The SEC adopted Regulation Best Interest for broker-dealers that make recommendations to retail clients. Regulation Best Interest, intended to enhance a broker’s standard of care beyond suitability, requires a broker-dealer to act in the retail customer’s best interest and to refrain from transactions that favor the interests of the broker over the customer. The new rule requires disclosure as well as policies and procedures to ensure that brokers identify and mitigate conflicts of interest. The SEC also adopted new Form CRS that requires both advisers and brokers to provide retail customers with standardized information about their relationship, including services, fees, conflicts, standard of conduct, and disciplinary history. The SEC also issued an interpretation that addresses an adviser’s fiduciary responsibilities. Part of this regulatory package includes a refining of the “solely incidental” exception to adviser registration for brokers. Firms have until June 30, 2020 to comply with Regulation Best Interest, although the new interpretations apply immediately upon publication.
Let’s rename this “The Compliance Officer Full Employment Act.” Compli-pros at broker-dealers will have to rework all of their Written Supervisory Procedures, revise client agreements, create disclosures, and eliminate all prohibited conflicts. Compliance offices at investment advisers must address the new Form CRS requirement and implement new client onboarding procedures while figuring out the changes required by the investment adviser fiduciary interpretation. And, we only have 12 months to get this all done.
A broker-dealer Chief Compliance Officer was fined $50,000 and barred from the industry for failing to implement procedures to prevent the unlawful liquidation of microcap securities. FINRA asserts that the firm and its principals liquidated 74 million shares of microcap securities without satisfying Rule 144, thereby distributing securities in violation of the Securities Act. The firm’s Written Supervisory Procedures designated the CCO as the person responsible for Rule 144 compliance. FINRA rejected the CCO’s defense that the WSPs did not reflect how the firm actually operated. FINRA also faulted the CCO for adopting inadequate WSPs, which failed to outline procedures to conduct adequate due diligence.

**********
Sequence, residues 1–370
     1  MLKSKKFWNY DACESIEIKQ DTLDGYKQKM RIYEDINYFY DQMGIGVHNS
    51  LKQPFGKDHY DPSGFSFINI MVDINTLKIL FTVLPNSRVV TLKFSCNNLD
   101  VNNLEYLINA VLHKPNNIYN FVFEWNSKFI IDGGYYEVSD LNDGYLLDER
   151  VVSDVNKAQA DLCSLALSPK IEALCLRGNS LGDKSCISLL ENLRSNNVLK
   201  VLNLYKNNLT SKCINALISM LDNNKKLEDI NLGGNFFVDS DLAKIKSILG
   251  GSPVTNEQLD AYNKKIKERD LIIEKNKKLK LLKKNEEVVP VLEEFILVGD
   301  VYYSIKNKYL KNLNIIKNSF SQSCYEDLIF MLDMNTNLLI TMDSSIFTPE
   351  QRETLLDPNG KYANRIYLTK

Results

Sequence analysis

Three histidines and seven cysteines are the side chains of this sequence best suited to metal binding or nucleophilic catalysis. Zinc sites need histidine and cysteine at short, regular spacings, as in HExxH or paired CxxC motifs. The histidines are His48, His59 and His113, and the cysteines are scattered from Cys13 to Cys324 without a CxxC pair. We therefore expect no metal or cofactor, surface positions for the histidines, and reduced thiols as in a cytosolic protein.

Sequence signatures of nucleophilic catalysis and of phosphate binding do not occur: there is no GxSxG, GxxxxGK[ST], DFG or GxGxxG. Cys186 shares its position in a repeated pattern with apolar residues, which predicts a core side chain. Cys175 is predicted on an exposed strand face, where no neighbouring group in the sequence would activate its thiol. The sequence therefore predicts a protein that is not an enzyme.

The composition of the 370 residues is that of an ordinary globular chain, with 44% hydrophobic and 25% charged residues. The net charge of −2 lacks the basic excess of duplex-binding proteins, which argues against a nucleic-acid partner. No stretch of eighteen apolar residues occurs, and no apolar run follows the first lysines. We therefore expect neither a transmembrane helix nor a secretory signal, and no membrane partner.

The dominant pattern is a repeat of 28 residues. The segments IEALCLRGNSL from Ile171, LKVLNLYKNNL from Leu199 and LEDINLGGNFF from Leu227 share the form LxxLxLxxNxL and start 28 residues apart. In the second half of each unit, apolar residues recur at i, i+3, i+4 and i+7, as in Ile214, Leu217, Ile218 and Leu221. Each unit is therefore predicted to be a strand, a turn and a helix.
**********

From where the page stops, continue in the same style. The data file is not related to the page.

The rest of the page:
The CCO should review the compliance manual or WSPs and ensure s/he understands and undertakes all designated responsibilities. If the CCO can’t or won’t follow the procedures, then s/he must revise the procedures to satisfy regulatory requirements while reflecting the firm’s accurate allocation of authority.
FINRA fined a large broker-dealer $6.25 Million for failing to prevent customers from using lines of credit to purchase securities, thereby violating the margin rules. The BD offered a program whereby customers could borrow against their brokerage accounts and use the proceeds for purposes other than buying securities. However, FINRA alleges that the firm failed to implement adequate supervisory procedures to educate and train employees and customers and prevent the misuse of the lending proceeds. FINRA maintains that customers often borrowed and invested in securities within 14 days.
OUR TAKE: This case shows the difference between policies and procedures. A policy states a firm’s position on a course of conduct or practice. Procedures are then required to implement that policy and ensure compliance. Firms that stop at broad policy statements have not implemented an adequate compliance program.